But I’m trying to think of what post apocalyptic series had glimmers of heart? I think it’s easy to have almost none in a movie because it’s so short (or to sprinkle a little bit of saccharine on top at the very end), but can anyone recall a TV series that got the balance right? It doesn’t have to be a world shattering event kind of apocalypse. Meaning, I think something like “Lost” might qualify?
Anyway, leave those ideas in the comments as usual.
Now that I don’t have to, of course, I’m not going to watch the Oscars. I used to have to review it as a TV spectacle, not as whether the “right” movie won the top awards. Very few years did I have the time as a TV critic, drowning in content, to find time to see many of the nominees. If I was lucky, two or three. I always thought movie critics had it pretty easy in that it’s just one film and done — two hours tops, some pondering, then a review. In TV, two hours got you almost nothing of relevance. Anyway, no need to look back in anger that movie critics had a much easier life — although they did, damn it — but I’ll try to stuff a couple of more nominees in before the awards on Tuesday.
But the Oscars make a fine segue to an experiment I’m going to try going forward when it comes to films (present and past): To walk in knowing nothing.
The best way to engage with any movie is to know nothing about it — but not everybody buys in or enjoys that approach. It’s certainly not for everyone. The trouble with knowing, let’s say, more than you should about what you’re about to see is that if what you find out from reading or watching the trailer that the movie is right in your wheelhouse — meaning, it reaffirms all the things you like and look forward to — that’s your mindset going in. That’s a bias.
Would you have liked the movie better — the same movie — not knowing beforehand that it was your kind of movie? Maybe knowing absolutely nothing lead to a different interpretation? Maybe that small plot detail that every review had to have — sometimes you can’t avoid everything that might be a “spoiler” to readers — was way more magically rewarding when it hit you unexpectedly than reading a flat sentence about it in a review?
I suppose the bigger issue is that most movie previews/trailers almost always give away the whole movie. It’s like the people editing together the previews don’t know where to stop — they give you a feel for what will happen and what you can expect and then, before you can turn away, the plot is essentially unspooled before your eyes.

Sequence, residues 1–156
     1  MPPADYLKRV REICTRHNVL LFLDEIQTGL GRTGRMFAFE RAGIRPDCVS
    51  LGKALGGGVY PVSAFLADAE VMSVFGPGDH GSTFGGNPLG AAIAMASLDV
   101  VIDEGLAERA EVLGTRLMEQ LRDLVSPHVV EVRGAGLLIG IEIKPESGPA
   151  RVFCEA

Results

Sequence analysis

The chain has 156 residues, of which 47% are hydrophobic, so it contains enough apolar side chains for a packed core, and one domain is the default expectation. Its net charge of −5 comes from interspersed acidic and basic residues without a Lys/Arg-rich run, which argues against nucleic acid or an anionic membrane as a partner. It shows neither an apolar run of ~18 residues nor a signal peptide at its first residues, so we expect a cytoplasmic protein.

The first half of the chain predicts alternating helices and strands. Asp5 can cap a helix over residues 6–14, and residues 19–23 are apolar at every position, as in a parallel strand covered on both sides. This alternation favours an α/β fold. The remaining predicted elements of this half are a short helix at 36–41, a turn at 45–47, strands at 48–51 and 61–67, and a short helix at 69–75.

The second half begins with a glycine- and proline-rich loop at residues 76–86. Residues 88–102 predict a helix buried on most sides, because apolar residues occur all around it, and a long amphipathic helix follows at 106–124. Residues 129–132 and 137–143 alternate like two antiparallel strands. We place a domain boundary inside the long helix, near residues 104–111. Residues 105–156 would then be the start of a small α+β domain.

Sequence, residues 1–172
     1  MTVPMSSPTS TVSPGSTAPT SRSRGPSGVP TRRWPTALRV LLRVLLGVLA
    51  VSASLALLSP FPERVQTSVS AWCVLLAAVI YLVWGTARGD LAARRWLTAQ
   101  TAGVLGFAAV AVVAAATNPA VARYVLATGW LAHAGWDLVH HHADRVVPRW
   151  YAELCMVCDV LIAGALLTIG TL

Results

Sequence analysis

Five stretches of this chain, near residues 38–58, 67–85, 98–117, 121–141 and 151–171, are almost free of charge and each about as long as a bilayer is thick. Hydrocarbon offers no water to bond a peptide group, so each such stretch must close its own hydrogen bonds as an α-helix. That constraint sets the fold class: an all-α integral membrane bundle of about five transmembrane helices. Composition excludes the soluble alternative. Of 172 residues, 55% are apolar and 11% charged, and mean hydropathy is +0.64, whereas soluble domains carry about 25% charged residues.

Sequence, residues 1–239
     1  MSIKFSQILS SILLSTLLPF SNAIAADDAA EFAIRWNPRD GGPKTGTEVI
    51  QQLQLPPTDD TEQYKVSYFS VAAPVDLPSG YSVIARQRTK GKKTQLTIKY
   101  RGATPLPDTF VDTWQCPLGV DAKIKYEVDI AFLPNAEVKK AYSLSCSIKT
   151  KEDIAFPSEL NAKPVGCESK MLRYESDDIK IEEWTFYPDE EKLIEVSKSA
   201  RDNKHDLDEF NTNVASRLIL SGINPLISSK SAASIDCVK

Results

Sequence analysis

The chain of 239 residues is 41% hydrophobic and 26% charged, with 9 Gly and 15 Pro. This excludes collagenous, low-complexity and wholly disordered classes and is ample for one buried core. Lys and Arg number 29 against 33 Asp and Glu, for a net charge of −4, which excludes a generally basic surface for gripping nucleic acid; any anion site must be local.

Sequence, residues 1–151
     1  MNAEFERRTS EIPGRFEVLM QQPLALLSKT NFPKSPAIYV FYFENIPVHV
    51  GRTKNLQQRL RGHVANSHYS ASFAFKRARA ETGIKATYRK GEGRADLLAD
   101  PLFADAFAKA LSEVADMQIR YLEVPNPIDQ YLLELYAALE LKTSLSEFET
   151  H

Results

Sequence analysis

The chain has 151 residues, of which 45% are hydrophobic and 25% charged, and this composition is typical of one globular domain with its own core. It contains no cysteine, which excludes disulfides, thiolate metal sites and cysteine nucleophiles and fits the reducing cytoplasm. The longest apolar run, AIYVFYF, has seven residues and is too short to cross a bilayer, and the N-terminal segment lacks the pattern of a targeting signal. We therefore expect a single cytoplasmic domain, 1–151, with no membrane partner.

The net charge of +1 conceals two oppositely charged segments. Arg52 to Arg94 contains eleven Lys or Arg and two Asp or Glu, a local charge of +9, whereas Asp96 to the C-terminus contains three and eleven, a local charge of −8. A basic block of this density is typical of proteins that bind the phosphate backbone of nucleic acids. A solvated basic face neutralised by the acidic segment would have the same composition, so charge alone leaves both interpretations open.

I’ve lost track of the movies where I’ve seen a preview and then discover, as the film begins its story, that the writer and director have placed, let’s say, Character B in some dangerous turmoil. You have no idea if this character you’ve taken a liking to will survive — except that, oh, right, you saw the preview and it contained a scene that clearly took place later in the film and Character B is doing just swell. Goodbye tension and intrigue.
I don’t know. I’m of two minds on this issue and flip-flop a lot. I like to read about some movies (and sure, even some TV series if it’s from someone I trust). Reading reviews is one way to get excited about art. I mean, that was part of my career — and still is — so I’m not going to shoot myself in the face and say nobody should read reviews. Reading reviews saves precious time. It focuses your interests. And yeah, it’s kind of the backbone of this Substack, right? I mean, there’s other stuff, but still. And I'm human — it’s hard to turn away when a big flashy preview comes out. But whereas reviews will sometimes “spoil” something minor, a full-blown preview-teaser invariably ruins what you’re about to watch.
I remember watching “Parasite” on the big screen with almost no advanced knowledge of what was about to happen and I can tell you that the experience was undoubtedly so much weirder and better and more unexpected. If you’ve seen it, you know what I mean. So much was spoiled about that movie prior. Going in cold — that’s my new jam. Whenever possible.